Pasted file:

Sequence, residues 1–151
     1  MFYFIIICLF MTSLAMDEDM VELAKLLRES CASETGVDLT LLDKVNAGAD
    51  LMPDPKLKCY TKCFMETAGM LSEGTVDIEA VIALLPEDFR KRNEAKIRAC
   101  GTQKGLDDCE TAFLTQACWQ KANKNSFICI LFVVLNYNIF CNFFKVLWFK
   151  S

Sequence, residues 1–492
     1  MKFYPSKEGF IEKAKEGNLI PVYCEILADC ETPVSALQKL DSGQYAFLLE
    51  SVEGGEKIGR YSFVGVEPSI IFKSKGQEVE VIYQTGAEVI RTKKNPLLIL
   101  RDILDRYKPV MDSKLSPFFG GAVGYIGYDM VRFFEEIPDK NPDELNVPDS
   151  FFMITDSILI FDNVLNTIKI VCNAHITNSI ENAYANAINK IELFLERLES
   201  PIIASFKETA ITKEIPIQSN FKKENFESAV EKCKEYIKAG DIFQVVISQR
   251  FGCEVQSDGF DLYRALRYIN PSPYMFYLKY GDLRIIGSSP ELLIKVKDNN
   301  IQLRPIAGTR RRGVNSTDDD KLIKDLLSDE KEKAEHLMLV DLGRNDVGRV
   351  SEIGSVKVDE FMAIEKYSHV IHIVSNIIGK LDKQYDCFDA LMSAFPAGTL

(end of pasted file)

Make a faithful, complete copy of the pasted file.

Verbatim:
Sequence, residues 1–151
     1  MFYFIIICLF MTSLAMDEDM VELAKLLRES CASETGVDLT LLDKVNAGAD
    51  LMPDPKLKCY TKCFMETAGM LSEGTVDIEA VIALLPEDFR KRNEAKIRAC
   101  GTQKGLDDCE TAFLTQACWQ KANKNSFICI LFVVLNYNIF CNFFKVLWFK
   151  S

Sequence, residues 1–492
     1  MKFYPSKEGF IEKAKEGNLI PVYCEILADC ETPVSALQKL DSGQYAFLLE
    51  SVEGGEKIGR YSFVGVEPSI IFKSKGQEVE VIYQTGAEVI RTKKNPLLIL
   101  RDILDRYKPV MDSKLSPFFG GAVGYIGYDM VRFFEEIPDK NPDELNVPDS
   151  FFMITDSILI FDNVLNTIKI VCNAHITNSI ENAYANAINK IELFLERLES
   201  PIIASFKETA ITKEIPIQSN FKKENFESAV EKCKEYIKAG DIFQVVISQR
   251  FGCEVQSDGF DLYRALRYIN PSPYMFYLKY GDLRIIGSSP ELLIKVKDNN
   301  IQLRPIAGTR RRGVNSTDDD KLIKDLLSDE KEKAEHLMLV DLGRNDVGRV
   351  SEIGSVKVDE FMAIEKYSHV IHIVSNIIGK LDKQYDCFDA LMSAFPAGTL